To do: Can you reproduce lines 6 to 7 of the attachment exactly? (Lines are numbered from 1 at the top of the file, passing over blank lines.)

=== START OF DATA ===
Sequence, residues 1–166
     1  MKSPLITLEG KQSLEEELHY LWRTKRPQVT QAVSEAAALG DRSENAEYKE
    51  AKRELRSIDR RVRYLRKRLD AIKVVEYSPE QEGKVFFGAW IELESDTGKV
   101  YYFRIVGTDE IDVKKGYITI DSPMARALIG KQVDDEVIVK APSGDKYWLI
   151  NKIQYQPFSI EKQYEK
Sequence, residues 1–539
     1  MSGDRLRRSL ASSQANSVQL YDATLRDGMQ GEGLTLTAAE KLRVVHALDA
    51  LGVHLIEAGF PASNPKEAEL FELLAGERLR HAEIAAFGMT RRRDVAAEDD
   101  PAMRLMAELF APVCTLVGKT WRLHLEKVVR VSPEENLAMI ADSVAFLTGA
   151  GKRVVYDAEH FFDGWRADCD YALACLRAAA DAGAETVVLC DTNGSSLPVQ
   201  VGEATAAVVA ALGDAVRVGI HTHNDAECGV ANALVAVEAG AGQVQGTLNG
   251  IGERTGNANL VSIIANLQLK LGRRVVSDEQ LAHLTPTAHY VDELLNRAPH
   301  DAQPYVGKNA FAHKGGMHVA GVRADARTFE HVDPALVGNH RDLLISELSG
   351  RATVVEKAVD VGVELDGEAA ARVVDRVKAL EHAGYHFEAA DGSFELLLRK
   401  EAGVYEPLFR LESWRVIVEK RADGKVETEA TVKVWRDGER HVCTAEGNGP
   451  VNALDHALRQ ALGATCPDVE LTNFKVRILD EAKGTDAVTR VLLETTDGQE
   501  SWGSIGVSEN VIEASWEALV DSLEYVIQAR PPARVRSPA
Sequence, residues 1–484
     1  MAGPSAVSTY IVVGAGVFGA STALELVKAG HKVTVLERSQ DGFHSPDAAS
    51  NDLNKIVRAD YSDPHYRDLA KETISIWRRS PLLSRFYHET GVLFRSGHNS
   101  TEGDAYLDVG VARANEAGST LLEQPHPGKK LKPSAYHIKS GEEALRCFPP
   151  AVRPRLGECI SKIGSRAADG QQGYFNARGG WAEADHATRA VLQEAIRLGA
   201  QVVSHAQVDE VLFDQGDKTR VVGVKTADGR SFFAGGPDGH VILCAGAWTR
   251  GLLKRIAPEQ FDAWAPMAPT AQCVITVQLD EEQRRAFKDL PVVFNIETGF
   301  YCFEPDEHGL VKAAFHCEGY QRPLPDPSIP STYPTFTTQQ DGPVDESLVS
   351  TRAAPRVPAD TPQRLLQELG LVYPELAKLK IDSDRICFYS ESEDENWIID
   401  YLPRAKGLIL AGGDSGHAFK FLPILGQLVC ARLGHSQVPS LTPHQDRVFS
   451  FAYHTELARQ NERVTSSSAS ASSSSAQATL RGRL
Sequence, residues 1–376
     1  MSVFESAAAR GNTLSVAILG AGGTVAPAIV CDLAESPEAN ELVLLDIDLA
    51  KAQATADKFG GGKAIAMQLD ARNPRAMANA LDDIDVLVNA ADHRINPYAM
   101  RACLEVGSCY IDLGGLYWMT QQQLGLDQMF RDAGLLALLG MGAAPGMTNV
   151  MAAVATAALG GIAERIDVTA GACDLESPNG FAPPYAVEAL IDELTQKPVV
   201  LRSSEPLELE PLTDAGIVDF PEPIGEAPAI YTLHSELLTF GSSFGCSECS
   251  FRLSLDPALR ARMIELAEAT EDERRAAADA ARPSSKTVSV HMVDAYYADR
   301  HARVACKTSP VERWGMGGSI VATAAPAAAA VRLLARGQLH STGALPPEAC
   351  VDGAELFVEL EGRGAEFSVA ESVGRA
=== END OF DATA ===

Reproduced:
Sequence, residues 1–539
     1  MSGDRLRRSL ASSQANSVQL YDATLRDGMQ GEGLTLTAAE KLRVVHALDA